What's Cooking: Exploring American Food, Culture, Politics and History

 

All lectures begin on Tuesday evenings at 6:30pm in MSU Billings Library Room 148. All programs are free and open to the public.

 

 »» Read Presenters' Bios        »» Get Lecture Series Poster 

 

March 15, 2016

 

"Americans at the Table: The Political Language of Food"

Dr. Sam Boerboom, MSU Billings Department of Communication and Theatre

Program Description: In his lecture, Dr. Boerboom will discuss his recent book The Political Language of Food. In addition, he will address the history of deceptive food language and discuss how it applies to the science and marketing of weight loss regimens.

 

»» Boerboom Lecture

»» Boerboom Handout

 

March 22, 2015

 

"Pungent but Problematic:  Media and Food Culture"

Dr. Melissa Boehm, MSU Billings Department of Communication and Theatre

Program Description: What happens when foods traditionally shared among the poor become popular among the wealthy? This presentation will focus on media coverage of wild leeks or “ramps” which had historically been used as early spring sustenance by foragers throughout the Appalachian region of the eastern US. In the 1990s, Martha Stewart introduced her readers and viewers to the pungent plant that is sometimes described as a cross between garlic and onions. No longer known as stinky food for stinky people, ramps became a sought-after item for middle-class shoppers at farmer’s markets in New York City.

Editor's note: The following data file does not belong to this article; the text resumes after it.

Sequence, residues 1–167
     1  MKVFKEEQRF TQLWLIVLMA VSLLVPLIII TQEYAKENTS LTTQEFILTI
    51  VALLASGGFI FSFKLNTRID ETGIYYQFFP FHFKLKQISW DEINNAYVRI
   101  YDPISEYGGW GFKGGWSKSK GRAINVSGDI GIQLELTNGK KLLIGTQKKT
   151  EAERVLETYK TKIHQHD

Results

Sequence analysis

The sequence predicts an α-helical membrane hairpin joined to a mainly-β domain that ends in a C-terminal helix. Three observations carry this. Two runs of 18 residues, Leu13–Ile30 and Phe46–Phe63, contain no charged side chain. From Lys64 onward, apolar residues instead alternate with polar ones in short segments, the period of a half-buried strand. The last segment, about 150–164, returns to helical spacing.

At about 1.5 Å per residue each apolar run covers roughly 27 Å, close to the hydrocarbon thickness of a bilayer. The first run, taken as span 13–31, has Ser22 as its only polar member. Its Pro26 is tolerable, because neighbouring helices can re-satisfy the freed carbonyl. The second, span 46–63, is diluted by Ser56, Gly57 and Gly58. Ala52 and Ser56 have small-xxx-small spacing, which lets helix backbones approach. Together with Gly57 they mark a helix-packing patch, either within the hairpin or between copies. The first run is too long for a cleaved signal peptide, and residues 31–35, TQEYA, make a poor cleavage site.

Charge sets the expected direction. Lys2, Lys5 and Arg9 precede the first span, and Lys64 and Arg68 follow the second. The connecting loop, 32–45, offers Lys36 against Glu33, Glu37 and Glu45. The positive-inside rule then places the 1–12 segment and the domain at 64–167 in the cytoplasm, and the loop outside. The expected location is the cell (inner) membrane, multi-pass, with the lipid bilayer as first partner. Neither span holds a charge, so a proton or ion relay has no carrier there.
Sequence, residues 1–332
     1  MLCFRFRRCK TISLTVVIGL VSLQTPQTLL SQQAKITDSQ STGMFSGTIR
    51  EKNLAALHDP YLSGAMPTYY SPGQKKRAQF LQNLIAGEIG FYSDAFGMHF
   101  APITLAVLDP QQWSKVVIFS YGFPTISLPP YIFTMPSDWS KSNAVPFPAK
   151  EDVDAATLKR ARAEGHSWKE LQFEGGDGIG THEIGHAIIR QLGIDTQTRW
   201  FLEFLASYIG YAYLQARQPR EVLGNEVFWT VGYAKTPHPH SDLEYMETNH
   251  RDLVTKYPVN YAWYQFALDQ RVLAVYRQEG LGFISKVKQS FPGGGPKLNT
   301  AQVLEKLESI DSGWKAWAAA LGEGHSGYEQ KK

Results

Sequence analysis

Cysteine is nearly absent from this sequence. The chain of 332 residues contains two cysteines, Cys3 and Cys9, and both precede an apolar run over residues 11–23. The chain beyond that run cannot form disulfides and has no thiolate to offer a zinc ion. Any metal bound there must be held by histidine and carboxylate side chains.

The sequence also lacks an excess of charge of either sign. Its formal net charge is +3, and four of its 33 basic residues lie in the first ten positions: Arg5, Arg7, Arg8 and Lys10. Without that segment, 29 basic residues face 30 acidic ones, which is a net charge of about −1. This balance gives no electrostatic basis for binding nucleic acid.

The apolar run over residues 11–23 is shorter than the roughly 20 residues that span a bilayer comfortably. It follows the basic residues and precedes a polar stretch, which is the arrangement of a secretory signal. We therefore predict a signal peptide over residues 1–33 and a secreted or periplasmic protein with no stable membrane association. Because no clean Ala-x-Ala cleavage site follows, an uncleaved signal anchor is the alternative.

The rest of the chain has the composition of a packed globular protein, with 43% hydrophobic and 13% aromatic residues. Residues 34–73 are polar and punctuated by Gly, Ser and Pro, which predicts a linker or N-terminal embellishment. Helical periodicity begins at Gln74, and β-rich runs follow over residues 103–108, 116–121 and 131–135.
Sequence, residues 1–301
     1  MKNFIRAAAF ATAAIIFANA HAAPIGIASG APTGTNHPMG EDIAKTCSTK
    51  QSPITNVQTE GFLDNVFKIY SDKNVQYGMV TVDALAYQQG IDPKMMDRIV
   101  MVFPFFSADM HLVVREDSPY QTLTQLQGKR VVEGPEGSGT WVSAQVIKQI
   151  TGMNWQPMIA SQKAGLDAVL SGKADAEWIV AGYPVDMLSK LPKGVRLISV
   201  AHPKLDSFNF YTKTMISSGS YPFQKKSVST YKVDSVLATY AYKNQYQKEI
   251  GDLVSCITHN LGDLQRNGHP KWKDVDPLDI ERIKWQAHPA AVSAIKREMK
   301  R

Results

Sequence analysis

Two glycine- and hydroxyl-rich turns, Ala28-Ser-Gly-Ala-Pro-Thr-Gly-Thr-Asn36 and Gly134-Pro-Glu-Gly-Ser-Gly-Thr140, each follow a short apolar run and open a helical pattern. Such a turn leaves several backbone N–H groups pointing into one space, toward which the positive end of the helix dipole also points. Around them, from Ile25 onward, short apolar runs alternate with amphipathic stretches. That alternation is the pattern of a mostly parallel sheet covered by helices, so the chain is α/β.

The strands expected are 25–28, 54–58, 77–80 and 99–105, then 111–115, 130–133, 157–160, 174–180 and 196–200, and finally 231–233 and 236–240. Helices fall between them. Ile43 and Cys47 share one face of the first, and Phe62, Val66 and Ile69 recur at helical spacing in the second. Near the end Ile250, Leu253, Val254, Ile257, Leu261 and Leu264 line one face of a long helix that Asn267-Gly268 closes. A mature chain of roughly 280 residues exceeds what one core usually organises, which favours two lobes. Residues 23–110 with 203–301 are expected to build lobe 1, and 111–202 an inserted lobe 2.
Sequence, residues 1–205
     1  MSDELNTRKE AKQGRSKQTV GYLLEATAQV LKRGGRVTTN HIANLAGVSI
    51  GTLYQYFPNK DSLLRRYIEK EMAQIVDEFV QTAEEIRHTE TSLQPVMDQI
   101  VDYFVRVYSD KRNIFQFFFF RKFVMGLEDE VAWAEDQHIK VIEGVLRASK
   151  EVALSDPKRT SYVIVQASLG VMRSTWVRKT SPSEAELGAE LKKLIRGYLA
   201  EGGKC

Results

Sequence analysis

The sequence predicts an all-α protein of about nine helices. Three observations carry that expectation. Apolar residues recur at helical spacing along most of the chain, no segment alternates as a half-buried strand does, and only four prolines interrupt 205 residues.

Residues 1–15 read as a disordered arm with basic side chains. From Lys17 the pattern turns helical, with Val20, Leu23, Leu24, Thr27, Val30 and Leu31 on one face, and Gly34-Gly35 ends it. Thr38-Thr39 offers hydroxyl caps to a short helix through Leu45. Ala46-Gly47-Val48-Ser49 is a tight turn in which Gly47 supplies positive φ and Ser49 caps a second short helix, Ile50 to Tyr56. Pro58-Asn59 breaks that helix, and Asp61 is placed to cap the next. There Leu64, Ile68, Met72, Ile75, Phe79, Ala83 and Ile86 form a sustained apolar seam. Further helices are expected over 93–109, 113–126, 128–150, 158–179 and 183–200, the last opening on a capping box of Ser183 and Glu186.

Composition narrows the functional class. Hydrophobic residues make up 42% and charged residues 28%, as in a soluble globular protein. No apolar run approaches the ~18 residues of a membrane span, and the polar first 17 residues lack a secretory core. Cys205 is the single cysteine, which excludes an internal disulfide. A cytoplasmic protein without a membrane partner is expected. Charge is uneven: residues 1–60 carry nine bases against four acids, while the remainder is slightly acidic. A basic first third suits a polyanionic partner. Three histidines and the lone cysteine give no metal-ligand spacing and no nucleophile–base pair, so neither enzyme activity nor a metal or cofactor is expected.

»» Dr. Boehm's Lecture

 

March 29, 2016

 

"Culinary Chemistry: A Campus Cuisine Cook-off"

Dr. Matt Queen & Michele McMullen, Registered Dietitian, MSU Billings Biological & Physical Sciences Department

Program Description: Local Billings chefs will face off in a no-holds-barred Iron Chef-style cook-off while MSUB chemistry professor Queen and dietitian McMullen explain the molecular magic.

 

»» Dr. Queen/Ms. McMullen Lecture

April 5, 2016

 

"Food Memories"

Seabring Davis, Cookbook author, Founding editor of Western Art & Architecture, Former editor of Big Sky Journal

Program Description: The recipes that travel with each of us through our lives are like time stamps. Food can connect us to the nostalgia of a recipe passed down from grandmothers, back to an unforgettable meal shared with friends, into history and culture of the world or to our present day dinner tables. Travel with food writer, Seabring Davis, from Montana to memory, marking the ways in which food imprints on our minds and our palettes. Davis is the author of A Taste of Montana: Recipes from Big Sky Country (2015 High Plains Book Award Culinary winner) and also of A Montana Table: Recipes from Chico Hot Springs Resort.

 

»» Dr. Davis' Lecture

 

April 12, 2016

 

"Native Foods"

Reno Charette, MSUB Director of American Indian Outreach

 

April 19, 2016

 

"On the Menu: What Billings Restaurants Served in Years Gone By"

Stella Fong, Wine and food educator, writer, & community volunteer

Program Description: The food served in the Magic City's restaurants has evolved since the city's founding in 1882. The arrival of people from around the world demanded diverse offerings and so the railroad brought in oysters, salmon and European cheeses and cured meats. The every day eateries created dishes that reminded them of home such as chop suey and egg foo young, milk toast and meatballs and spaghetti. But always a good steak could be found in the largest city in Montana.

 

»»  Ms. Fong's Lecture